Eilish has been vocal in the past about why she wears clothes “800 sizes bigger” than she actually is. “It kind of gives nobody the opportunity to judge what your body looks like. I don’t want to give anyone the excuse of judging,” she told Vogue Australia in 2019. “Anything you look at, you judge.”

In May, Eilish released a short film (that she also used while on tour), titled Not My Responsibility. In it, she slowly undresses while talking about perceptions around her body. “If I wear what is comfortable, I am not a woman. If I shed the layers, I’m a slut,” she says. “Though you’ve never seen my body, you still judge it, and judge me for it. Why?” As a young woman in the music industry, Eilish is not only fully aware of how her body can be marketed to sell records and concert tickets, but how it can also be turned against her if it’s not small enough, not shaped the right way, too much in some ways and not enough in others.

It’s no wonder she hides in enormous suits, baggy sweats, oversized T-shirts; when she does show her body, she’s mobbed by an audience who thinks they have the right to an entire news cycle’s worth of opinions about it. Eilish’s goal isn’t celebration of her body, but rather to ignore it entirely and make her audience focus on her voice, look at her eyes, pay attention to the visuals she uses in music videos and stage performances.

She’s not using her body in the same way as someone like Lizzo, who puts her body on display to subvert the notions of what “beauty” is and who gets to dictate the terms. When Lizzo appeared in this year’s Savage X Fenty show, dancing in front of a mirror in an electric blue lingerie set, the point was to think about her body and who she was showing it off to — it was also about self-love, no matter what the world has to say about your shape or size.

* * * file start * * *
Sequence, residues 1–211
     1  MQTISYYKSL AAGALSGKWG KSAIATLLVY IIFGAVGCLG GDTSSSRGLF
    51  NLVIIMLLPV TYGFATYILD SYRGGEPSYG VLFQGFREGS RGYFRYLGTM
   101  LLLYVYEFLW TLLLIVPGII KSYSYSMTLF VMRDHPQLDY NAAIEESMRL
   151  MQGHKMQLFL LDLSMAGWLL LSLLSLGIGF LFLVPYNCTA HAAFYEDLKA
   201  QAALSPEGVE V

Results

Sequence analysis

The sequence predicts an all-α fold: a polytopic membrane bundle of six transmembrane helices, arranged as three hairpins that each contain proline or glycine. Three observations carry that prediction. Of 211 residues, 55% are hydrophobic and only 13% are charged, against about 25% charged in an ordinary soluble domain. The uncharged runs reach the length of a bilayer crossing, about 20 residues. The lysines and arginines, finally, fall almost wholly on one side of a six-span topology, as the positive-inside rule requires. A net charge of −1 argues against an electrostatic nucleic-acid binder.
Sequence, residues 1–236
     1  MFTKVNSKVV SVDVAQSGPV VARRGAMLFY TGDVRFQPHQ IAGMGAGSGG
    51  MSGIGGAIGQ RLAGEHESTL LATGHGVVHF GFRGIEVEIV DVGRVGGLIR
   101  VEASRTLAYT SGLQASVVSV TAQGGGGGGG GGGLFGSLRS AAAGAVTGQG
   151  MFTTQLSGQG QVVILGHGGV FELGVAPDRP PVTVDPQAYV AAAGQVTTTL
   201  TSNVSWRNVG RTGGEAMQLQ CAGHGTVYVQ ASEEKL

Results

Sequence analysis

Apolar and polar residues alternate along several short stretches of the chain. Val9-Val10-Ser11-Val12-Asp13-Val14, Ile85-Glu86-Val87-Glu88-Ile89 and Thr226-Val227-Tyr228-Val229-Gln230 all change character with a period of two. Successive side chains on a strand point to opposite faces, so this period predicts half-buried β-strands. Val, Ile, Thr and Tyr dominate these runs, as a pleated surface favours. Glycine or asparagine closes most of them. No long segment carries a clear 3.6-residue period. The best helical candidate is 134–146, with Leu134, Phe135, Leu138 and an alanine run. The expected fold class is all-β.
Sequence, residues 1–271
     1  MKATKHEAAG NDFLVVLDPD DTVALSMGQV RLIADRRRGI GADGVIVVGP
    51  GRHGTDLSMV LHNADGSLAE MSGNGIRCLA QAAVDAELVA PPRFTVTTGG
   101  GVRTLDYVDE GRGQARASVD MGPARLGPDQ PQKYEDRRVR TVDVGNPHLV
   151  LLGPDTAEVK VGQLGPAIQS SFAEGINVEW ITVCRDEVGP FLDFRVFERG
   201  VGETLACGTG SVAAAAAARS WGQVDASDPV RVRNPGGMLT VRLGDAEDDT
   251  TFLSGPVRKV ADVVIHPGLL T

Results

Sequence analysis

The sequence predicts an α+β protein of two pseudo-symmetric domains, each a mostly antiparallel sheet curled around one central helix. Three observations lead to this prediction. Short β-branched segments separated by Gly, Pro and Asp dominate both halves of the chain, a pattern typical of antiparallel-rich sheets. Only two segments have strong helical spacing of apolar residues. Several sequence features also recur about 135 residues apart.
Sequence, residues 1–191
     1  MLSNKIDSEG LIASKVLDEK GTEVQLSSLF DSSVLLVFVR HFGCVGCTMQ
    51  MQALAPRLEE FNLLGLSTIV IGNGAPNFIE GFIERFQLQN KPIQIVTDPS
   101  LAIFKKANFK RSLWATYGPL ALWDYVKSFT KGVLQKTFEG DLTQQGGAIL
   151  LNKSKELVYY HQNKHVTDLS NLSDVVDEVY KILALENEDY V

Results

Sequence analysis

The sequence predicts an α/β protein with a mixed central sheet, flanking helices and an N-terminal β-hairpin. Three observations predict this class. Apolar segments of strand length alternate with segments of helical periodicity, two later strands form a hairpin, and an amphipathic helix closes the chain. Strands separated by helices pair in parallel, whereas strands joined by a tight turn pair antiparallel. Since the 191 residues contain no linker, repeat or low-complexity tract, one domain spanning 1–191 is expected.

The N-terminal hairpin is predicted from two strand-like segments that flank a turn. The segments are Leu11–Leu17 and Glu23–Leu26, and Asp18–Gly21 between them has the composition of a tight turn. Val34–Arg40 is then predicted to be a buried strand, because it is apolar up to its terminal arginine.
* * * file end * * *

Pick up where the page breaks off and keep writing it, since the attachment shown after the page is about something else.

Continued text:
But that, of course, doesn’t suggest Lizzo is “brave” for refusing to hate herself, for refusing to diet, for refusing to shrink. Being considered brave for living in a particular type of body suggests that that body, whatever shape and size, is somehow always functioning at a disadvantage, as if Eilish is weakened by her very average-looking arms and normal-circumference torso. There isn’t anything brave about Eilish having the body of an adult woman, no more brave than it is for someone to have brown hair or green eyes. Calling someone brave for merely existing in the body they have doesn’t take power away from thinness, and it doesn’t create any kind of equilibrium in culture. There might be no bravery involved, just genetics.

On Instagram, after the photos of her went viral, Eilish reposted the influencer Chizi Duru’s TikTok about body image. “Guts are normal. Boobs sag, especially after breastfeeding. Instagram isn’t real,” Duru says. The language isn’t about celebration or bravery, audacity or fearlessness. The truth about Eilish’s body in those paparazzi photos — the truth about most women and their bodies — is really boring: It’s just a body, and you get the one you get. It has no moral value on its own. Insisting upon being alive and comfortable isn’t ballsy — it’s just a far better option than self-loathing.●